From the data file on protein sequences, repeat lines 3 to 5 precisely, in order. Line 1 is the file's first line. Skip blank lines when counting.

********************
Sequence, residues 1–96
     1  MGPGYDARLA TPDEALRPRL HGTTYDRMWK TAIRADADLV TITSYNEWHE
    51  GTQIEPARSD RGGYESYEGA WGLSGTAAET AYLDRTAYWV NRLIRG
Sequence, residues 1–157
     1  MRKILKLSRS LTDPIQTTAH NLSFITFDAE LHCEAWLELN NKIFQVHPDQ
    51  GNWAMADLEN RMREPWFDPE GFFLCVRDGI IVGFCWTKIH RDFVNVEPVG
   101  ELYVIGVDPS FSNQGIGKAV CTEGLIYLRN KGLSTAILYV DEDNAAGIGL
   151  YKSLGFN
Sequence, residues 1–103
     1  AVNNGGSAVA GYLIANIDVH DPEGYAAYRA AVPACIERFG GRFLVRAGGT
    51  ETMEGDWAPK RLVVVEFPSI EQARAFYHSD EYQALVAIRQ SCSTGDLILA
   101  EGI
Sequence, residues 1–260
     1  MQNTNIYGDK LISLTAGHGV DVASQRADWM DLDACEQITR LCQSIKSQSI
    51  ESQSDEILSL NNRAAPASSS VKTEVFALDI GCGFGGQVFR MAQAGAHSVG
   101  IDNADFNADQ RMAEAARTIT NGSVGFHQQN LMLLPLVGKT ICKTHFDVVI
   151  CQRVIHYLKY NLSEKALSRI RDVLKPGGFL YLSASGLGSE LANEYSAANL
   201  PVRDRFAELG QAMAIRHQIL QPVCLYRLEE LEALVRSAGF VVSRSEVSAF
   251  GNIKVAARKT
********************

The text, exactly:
    51  GTQIEPARSD RGGYESYEGA WGLSGTAAET AYLDRTAYWV NRLIRG
Sequence, residues 1–157
     1  MRKILKLSRS LTDPIQTTAH NLSFITFDAE LHCEAWLELN NKIFQVHPDQ